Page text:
Board co-chair

Roger Indreland

Indreland Ranch Angus Beef

Term: 2019 - 2025


Board co-chair

Lara Birkes

Sonder

Term: 2019 - 2022

Mark Ledger

Retired

Carrie Balkcom

American Grassfed Association

Lill Erickson

Western Sustainability Exchange

Rebecca Kurnick

Montana Ale Works

Dylan Hoffman

Xanterra Parks and Resorts

Jim Evanoff

Retired, Yellowstone National Park

Brittany Masters

Roam Free Bison Ranch

Andrew Anderson

J Bar L Ranch

Malou Ramirez

Anderson Ranch

Board leadership practices

SOURCE: Self-reported by organization

GuideStar worked with BoardSource, the national leader in nonprofit board leadership and governance, to create this section.

  • Board orientation and education
    Does the board conduct a formal orientation for new board members and require all board members to sign a written agreement regarding their roles, responsibilities, and expectations? Yes
  • CEO oversight
    Has the board conducted a formal, written assessment of the chief executive within the past year ? Yes
  • Ethics and transparency
    Have the board and senior staff reviewed the conflict-of-interest policy and completed and signed disclosure statements in the past year? Yes
  • Board composition
    Does the board ensure an inclusive board member recruitment process that results in diversity of thought and leadership? Yes
  • Board performance
    Has the board conducted a formal, written self-assessment of its performance within the past three years? No

Organizational demographics

SOURCE: Self-reported; last updated 10/12/2022

Who works and leads organizations that serve our diverse communities? GuideStar partnered on this section with CHANGE Philanthropy and Equity in the Center.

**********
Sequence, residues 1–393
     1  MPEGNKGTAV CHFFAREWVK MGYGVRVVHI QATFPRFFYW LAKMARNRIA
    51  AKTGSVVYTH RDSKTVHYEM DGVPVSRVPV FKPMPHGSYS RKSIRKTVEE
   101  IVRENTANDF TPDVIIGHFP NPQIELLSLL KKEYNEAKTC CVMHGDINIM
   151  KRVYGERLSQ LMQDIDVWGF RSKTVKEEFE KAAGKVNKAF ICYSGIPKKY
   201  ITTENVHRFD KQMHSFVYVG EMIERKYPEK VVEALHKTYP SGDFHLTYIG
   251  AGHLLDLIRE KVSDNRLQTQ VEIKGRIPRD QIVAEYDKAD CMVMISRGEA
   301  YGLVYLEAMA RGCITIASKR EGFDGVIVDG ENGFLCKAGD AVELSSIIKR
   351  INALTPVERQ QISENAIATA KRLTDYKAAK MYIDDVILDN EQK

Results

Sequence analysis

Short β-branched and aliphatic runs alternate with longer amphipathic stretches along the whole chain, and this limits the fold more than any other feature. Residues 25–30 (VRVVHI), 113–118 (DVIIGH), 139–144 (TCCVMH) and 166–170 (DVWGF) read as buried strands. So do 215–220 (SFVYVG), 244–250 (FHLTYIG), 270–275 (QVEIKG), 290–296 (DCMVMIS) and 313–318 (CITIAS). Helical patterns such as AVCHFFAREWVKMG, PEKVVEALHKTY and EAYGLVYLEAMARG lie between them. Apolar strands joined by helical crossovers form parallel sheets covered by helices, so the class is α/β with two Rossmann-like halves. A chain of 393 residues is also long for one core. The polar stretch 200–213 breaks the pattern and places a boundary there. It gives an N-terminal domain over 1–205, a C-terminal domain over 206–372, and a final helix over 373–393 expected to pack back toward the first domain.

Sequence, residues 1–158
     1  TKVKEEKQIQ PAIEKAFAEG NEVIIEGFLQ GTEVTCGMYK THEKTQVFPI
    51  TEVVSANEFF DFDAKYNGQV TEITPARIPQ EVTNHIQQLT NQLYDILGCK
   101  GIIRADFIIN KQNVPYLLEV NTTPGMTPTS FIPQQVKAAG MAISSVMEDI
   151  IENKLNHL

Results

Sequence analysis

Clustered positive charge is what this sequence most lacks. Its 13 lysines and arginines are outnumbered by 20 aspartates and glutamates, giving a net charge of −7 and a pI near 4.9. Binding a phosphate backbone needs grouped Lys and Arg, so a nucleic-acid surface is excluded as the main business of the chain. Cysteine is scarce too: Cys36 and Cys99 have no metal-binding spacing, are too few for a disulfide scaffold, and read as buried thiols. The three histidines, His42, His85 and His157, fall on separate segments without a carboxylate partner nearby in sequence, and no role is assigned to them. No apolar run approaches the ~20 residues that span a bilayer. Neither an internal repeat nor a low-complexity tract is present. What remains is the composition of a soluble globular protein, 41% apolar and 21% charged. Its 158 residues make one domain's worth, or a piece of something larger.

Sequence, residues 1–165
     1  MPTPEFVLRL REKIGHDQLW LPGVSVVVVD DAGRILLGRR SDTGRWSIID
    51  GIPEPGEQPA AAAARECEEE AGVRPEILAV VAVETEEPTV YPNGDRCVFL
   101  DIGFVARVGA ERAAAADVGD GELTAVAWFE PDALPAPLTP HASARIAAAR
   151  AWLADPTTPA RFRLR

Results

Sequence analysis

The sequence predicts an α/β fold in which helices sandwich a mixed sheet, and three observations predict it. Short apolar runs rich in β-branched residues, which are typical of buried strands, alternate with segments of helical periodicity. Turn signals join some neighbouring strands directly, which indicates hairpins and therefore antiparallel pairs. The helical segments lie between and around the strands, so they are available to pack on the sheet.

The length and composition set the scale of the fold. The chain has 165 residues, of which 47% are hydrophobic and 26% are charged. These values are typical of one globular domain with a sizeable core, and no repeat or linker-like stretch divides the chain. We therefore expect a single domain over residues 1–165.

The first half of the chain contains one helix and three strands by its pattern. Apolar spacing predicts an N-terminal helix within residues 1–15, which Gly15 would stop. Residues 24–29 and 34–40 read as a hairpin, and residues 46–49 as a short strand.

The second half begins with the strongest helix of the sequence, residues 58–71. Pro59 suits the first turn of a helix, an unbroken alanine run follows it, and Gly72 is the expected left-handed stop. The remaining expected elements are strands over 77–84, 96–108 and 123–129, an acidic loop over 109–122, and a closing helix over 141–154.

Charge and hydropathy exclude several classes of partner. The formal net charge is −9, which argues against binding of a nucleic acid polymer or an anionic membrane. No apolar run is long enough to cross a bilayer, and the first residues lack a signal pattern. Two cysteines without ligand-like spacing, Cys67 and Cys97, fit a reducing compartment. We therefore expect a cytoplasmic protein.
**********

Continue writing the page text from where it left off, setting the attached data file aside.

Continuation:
Leadership

The organization's leader identifies as:

Race & ethnicity
Multi-Racial/Multi-Ethnic (2+ races/ethnicities)
Gender identity
Female
Disability status
Person with a disability

The organization's co-leader identifies as:

Race & ethnicity
White/Caucasian/European
Gender identity
Male
Disability status
Person without a disability

Race & ethnicity

Gender identity

 

Sexual orientation

No data

Disability

Equity strategies

Last updated: 04/01/2022

GuideStar partnered with Equity in the Center - an organization that works to shift mindsets, practices, and systems to increase racial equity - to create this section. Learn more

Data
  • We review compensation data across the organization (and by staff levels) to identify disparities by race.
  • We ask team members to identify racial disparities in their programs and / or portfolios.
  • We employ non-traditional ways of gathering feedback on programs and trainings, which may include interviews, roundtables, and external reviews with/by community stakeholders.
  • We have long-term strategic plans and measurable goals for creating a culture such that one’s race identity has no influence on how they fare within the organization.
Policies and processes
  • We seek individuals from various race backgrounds for board and executive director/CEO positions within our organization.
  • We have community representation at the board level, either on the board itself or through a community advisory board.
  • We help senior leadership understand how to be inclusive leaders with learning approaches that emphasize reflection, iteration, and adaptability.
  • We engage everyone, from the board to staff levels of the organization, in race equity work and ensure that individuals understand their roles in creating culture such that one’s race identity has no influence on how they fare within the organization.